Tag Archives: March-2018

Finding the Right Formula

HRO Today March 2018

Learn how employee engagement strategies and surveys can be used to drive meaningful change.

By Debbie Bolla

Employee engagement has been one of the most talked about topics in HR in recent years. It’s certainly not a new idea, but shocking statistics—both good and bad—of its impact on business have put employee engagement back on the map in a big way.

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2018 Baker’s Dozen Customer Satisfaction Ratings: Relocation

HRO Today Baker's Dozen

We rank the top providers based on customer satisfaction surveys.

By The Editors

HRO Today’s Baker’s Dozen Customer Satisfaction Ratings are based solely on feedback from buyers of the rated services; the ratings are not based on the opinion of the HRO Today staff. We collect feedback annually through an online survey which we distribute to buyers directly through our own mailing lists and indirectly through service providers.

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Recognizing Goodness

Recognizing Volunteering

Companies are adopting volunteer programs to attract and retain younger workers.

By Marta Chmielowicz

Every day, people become more conscious of their impact on the world and how they can shape it in their personal lives. Faced with global economic, political, and social instability and disruption, the millennial generation in particular is turning its attention to social causes that benefit the greater good. Whether it’s by supporting altruistic brands like TOMS or contributing to non-profit fundraising efforts on Facebook, it’s clear that young people today want to be socially responsible.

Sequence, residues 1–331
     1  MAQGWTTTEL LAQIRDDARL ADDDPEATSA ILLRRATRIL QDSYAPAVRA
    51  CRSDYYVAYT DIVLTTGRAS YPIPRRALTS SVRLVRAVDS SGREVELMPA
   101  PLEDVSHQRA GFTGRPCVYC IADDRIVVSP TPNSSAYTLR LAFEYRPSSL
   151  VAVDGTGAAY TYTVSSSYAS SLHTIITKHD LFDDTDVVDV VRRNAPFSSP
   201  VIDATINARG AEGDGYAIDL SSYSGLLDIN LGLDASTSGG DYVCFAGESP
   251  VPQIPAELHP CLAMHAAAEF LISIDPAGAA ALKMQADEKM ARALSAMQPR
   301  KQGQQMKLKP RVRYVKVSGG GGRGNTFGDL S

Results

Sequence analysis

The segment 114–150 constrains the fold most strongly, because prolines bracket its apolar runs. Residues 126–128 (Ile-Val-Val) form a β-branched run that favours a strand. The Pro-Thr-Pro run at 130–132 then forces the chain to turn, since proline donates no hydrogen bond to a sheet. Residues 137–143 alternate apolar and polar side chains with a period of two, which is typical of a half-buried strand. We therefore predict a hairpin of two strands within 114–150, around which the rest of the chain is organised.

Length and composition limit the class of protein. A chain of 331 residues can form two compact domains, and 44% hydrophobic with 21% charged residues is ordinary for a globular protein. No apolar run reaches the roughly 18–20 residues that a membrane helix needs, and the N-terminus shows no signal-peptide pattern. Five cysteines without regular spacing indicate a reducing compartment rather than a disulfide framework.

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To Bot or Not to Bot?

Chatbots in Talent Acquisition

Artificial intelligence has the potential to improve speed to hire, quality of hire, and candidate experience.

By Marta Chmielowicz

Chatbot technology is not new. In 2001, more than 30 million people were chatting with SmarterChild on AOL Instant Messenger, and now, chatbots are everywhere. Want to order pizza, see next week’s weather forecast, or get some personal shopping recommendations? There’s a bot for that.

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Contingent Connection

Engaging Contingent Workers

Organizations are increasingly turning to social media as a way to attract contract workers.

By Marta Chmielowicz

No matter the name—contractors, freelancers, consultants, or contingent workers—there is no denying that the gig economy workforce has seen a massive spike in recent years. According to Upwork’s 2017 Freelancing in America study, the contingent workforce in the U.S. now makes up 36 percent of the working population and is growing at a rate three times faster than the total workforce overall. At the current rate, the majority of workers in the U.S. will freelance within the next 10 years.

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Next-Gen Leaders

Millennial Employees

Organizations need to start grooming top-performing millennials into tomorrow’s leaders.

By Rachel Cubas-Wilkinson